6 tablespoons unsweetened cocoa (recommend going less if you want less chocolate flavor)
1 teaspoon baking soda
1 /2 teaspoon salt
1/4 teaspoon baking powder
2 eggs
½ cup vegetable oil
1/3 cups chopped nuts (Optional) Choice nut for this recipe is usually walnuts

Added to this recipe:
6 mission figs, cut in small pieces
6 dried apricots, cut in small pieces

Preheat oven to 350 degrees F. Puree bananas in food processor or blender (1 cup puree) or you can blend the old-fashion way for chunkier banana pieces. In large mixing bowl, combine flour, sugar, cocoa, baking soda, salt and baking powder. Add eggs, oil, bananas, figs and apricots; mix until dry ingredients are moistened. Stir in nuts. Pour batter into greased 9X5-inch loaf pan.

Bake 55 to 60 minutes or until wooden toothpick inserted in center comes out clean. Cool in pan 10 minutes. Remove from pan. Cool completely before slicing. I actually leave the bread cool longer in the pan.

So don’t throw your bananas in the compost bin. There is still life for them in bread. Our inspirational thought for the day is by Emily Post, who seemed to find the value in this staple. “Bread is like dresses, hats and shoes – in other words, essential!” Happy baking and enjoy the garden while the sunshine lasts.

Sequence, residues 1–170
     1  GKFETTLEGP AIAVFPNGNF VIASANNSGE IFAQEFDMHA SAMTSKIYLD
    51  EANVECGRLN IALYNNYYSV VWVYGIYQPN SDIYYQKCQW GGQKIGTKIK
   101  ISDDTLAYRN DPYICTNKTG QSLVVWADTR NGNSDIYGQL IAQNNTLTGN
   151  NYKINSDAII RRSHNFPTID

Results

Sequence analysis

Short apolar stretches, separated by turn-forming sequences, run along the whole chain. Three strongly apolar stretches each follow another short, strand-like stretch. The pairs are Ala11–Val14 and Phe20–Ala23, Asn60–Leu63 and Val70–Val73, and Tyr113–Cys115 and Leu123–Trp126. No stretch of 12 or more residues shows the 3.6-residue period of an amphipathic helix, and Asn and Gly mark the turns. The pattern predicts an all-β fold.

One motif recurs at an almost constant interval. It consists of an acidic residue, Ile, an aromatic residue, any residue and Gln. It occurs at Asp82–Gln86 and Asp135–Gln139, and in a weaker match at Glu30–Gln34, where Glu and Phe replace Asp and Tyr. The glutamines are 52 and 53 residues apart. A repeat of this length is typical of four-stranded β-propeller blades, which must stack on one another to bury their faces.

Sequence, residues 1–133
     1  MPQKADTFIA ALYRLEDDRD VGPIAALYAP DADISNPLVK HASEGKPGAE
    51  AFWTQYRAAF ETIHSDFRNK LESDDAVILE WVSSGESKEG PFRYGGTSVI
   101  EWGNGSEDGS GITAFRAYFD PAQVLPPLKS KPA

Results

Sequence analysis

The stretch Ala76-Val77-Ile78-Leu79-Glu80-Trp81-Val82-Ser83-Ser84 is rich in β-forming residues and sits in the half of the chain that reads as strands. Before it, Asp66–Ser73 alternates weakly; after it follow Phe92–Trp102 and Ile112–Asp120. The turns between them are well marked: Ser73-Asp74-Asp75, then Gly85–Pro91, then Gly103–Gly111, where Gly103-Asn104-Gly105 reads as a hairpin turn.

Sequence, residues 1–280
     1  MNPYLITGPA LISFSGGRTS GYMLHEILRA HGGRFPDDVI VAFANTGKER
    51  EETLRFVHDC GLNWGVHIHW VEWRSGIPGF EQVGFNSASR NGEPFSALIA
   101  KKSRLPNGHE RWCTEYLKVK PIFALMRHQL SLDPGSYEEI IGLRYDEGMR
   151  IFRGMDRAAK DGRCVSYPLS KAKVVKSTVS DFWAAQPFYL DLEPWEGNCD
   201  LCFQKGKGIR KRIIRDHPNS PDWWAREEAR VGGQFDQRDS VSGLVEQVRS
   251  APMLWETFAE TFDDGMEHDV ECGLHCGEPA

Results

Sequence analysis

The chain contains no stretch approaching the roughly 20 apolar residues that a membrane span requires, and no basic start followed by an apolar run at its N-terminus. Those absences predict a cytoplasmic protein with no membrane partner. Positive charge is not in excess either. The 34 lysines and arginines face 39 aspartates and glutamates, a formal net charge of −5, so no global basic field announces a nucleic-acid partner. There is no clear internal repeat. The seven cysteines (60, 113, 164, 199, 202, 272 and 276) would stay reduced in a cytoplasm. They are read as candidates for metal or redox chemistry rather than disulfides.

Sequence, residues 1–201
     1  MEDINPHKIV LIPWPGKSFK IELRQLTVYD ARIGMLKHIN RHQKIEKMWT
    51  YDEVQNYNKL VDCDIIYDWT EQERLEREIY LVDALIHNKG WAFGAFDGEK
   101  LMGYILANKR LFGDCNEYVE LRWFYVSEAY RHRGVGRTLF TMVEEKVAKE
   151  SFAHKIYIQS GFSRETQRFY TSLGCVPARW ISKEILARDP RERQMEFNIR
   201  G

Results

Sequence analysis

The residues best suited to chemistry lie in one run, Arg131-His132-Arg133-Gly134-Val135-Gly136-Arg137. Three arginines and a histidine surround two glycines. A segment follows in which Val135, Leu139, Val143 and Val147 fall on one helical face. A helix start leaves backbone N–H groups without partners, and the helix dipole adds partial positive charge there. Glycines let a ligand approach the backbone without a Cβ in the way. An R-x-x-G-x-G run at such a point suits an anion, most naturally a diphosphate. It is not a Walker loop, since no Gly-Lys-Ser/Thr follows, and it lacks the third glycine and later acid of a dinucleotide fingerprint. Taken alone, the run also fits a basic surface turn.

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Wednesday, April 14, 2010

No Excuses – Let’s Garden

Today may be the last sunny spring day in New England for a bit. If this weather doesn’t energize you to put on your gardening boots then maybe something I read in the local paper could get you ready for planting season. Many folks have limited space or can’t find good soil for gardening. It’s a lucky day for 30 residents in North Central Massachusetts. Mount Wachusett Community College in Gardner is setting aside 30 garden plots to sow your seeds. The only thing one must do is apply for the plot. They are also offering an organic gardening class to teach you the basics. There is a nominal fee and you can find more information and applications for this program on the college Web site, or by calling (978) 630-9262.